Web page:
Web Design

Improve Website Performance

November 21st, 2012 0 Comments

Here’s a few basic rules to improve the performance of your website. Perhaps in the future I’ll go deeper into this topic and cover some more advanced topics.

1. Minimize HTTP Requests
2. Use a Content Delivery Network
3. Add an Expires or a Cache-Control Header
4. Gzip Components
5. Put Stylesheets at the Top
6. Put Scripts at the Bottom
7. Avoid CSS Expressions
8. Make JavaScript and CSS External
9. Reduce DNS Lookups
10. Minify JavaScript and CSS
11. Avoid Redirects
12. Remove Duplicate Scripts/Code
13. Configure ETags
14. Make Ajax Cacheable
15. Flush the Buffer Early
16. Use GET for AJAX Requests
17. Post-load Components
18. Preload Components
19. Reduce the Number of DOM Elements
20. Split Components Across Domains
21. Minimize the Number of iframes
22. No 404s
23. Reduce Cookie Size
24. Use Cookie-free Domains for Components
25. Minimize DOM Access
26. Develop Smart Event Handlers
27. Choose over @import
28. Avoid Filters
29. Optimize Images
30. Optimize CSS Sprites
31. Keep Components under 25K
32. Pack Components into a Multipart Document
33. Make favicon.ico Small and Cacheable
34. Caching strategies like using Memcached
35. Serve resources from a consistent URL

The Future Of Web Development

October 12th, 2012 0 Comments

The front end developer has realized that a new era of development is well formed and quickly coming.  With the introduction of technologies such as WebGL and Canvas, even graphics rendering became feasible using JavaScript.  But, this didn’t change anything on the server side; the server programs were still running on JVMs/Rubys/Pythons.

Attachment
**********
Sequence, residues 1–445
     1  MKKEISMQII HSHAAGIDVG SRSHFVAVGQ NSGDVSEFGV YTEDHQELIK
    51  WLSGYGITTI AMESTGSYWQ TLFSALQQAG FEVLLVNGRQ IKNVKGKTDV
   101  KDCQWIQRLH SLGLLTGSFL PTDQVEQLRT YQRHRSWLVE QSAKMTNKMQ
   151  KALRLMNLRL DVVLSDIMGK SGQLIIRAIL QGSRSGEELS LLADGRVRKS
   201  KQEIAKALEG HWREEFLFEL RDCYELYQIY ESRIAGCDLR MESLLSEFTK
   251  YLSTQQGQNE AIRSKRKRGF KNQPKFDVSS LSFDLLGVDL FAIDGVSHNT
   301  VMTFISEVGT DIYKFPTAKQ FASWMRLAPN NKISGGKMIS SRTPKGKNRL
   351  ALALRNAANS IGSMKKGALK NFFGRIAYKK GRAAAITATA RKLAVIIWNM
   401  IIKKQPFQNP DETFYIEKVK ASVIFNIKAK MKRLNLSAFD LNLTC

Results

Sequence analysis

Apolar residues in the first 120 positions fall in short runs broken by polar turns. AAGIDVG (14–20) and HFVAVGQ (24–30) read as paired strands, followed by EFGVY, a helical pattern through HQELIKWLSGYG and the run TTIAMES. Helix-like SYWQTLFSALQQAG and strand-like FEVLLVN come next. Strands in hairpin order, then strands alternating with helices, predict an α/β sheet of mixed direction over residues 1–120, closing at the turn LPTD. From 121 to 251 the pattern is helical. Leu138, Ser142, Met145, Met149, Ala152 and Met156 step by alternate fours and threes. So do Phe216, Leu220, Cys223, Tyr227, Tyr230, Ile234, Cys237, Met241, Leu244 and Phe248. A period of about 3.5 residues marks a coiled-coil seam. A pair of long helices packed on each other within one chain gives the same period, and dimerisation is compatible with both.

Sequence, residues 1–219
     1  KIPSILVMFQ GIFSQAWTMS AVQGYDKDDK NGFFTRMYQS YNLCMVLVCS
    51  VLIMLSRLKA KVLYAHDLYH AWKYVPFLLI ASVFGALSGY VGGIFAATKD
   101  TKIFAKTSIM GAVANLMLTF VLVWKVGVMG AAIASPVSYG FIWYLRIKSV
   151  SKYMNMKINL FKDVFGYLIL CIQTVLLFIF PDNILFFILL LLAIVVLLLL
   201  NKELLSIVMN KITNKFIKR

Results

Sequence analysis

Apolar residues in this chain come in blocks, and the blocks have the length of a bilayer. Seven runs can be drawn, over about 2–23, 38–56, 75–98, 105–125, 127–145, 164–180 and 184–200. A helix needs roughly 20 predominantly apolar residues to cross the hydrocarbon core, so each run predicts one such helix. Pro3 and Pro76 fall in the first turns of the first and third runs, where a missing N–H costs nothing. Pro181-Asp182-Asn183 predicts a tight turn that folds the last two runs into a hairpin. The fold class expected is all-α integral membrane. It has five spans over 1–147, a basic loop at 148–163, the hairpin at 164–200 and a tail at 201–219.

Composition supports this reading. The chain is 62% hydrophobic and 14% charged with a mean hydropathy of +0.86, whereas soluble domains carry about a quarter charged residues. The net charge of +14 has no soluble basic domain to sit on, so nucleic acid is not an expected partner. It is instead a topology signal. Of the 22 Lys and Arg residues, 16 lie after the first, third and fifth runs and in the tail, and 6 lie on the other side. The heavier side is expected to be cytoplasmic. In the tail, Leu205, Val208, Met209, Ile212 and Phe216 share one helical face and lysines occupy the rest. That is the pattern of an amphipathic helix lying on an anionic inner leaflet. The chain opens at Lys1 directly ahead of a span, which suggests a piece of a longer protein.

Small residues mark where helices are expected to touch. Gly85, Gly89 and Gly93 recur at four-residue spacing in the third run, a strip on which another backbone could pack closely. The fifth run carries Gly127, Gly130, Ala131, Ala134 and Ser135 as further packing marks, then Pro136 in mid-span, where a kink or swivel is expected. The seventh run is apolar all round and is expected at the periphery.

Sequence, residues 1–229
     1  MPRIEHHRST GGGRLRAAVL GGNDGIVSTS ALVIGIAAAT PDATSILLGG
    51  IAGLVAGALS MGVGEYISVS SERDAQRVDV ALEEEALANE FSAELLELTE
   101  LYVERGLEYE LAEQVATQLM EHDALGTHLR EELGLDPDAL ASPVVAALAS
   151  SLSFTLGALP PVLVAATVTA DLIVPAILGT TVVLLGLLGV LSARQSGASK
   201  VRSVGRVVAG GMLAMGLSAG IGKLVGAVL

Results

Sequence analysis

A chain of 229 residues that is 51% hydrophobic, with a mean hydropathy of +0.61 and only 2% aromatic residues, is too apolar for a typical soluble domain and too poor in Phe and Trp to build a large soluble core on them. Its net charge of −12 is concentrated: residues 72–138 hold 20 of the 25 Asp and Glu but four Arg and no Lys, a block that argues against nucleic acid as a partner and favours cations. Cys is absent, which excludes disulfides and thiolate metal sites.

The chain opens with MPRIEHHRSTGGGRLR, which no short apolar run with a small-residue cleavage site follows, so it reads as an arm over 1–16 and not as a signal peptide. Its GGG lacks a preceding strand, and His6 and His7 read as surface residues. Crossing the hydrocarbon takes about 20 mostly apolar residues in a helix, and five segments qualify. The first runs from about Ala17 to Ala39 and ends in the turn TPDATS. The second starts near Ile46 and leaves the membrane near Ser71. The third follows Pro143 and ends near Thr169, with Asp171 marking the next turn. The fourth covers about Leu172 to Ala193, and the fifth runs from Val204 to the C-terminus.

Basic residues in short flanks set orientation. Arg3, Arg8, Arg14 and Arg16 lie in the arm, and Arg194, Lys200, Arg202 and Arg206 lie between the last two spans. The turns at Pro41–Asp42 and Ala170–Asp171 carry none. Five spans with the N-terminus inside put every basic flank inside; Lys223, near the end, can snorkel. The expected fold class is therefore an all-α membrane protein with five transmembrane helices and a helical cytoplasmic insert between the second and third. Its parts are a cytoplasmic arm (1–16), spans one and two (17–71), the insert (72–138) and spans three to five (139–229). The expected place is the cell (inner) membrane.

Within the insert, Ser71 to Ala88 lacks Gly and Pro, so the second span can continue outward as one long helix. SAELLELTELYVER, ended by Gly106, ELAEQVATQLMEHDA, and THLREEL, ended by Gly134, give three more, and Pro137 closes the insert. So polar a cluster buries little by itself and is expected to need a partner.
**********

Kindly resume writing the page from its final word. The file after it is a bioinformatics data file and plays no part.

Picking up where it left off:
Fast forward to today: The scenario is dramatically changing. JavaScript has just sneaked its way into the servers. Now, it is no longer required that a web application needs to have a back end programming language such as Java/C++. Everything can be done using just JavaScript.

Thanks to node.js which made it possible to run the JavaScript server side. Using MongoDB, one can replace the need to have SQL code and now store JSON documents using JavaScript MongoDB connectors. The JavaScript template libraries such as {{Mustache}}/Underscore almost removed the need to have server side templates (JSPs). On the client side, JavaScript MVC frameworks such as Backbone.JS enable us to write maintainable code. And, there’s always the plain old JavaScript waiting for us to write some form validation script, and the never end JQuery plugins that extend our functionality with ease. With that, now it is possible to do the heavy lifting just by using JavaScript.

The front end JavaScript programmers no longer need to focus on just the front end. They can use their skill set to develop the web application end-to-end. This rise of the front end developers poses a threat to the survival of the back end developer. If you are one, do you already realize this threat? What’s your game plan to stay fit to survive this challenge?

Designing to be The Best

September 13th, 2010 0 Comments

Web users have options — thousands of them. It’s one of the reasons the Web is so useful but also one of the great challenges of Web business. How do you make sure your site is the one that stands out amid the rest and that users keep coming back for more?

The answer is to provide the most relevant experience to users’ expectations. Largely, this can be accomplished with a well thought-out design.

We can often get sidetracked by ideas that might seem innovative but, in the end, don’t deliver on the promises our brand makes to consumers. For instance, if you’re running a business blog it doesn’t make much sense to have a lengthy Flash intro — your readers are likely busy professionals that want access to information as quickly as possible.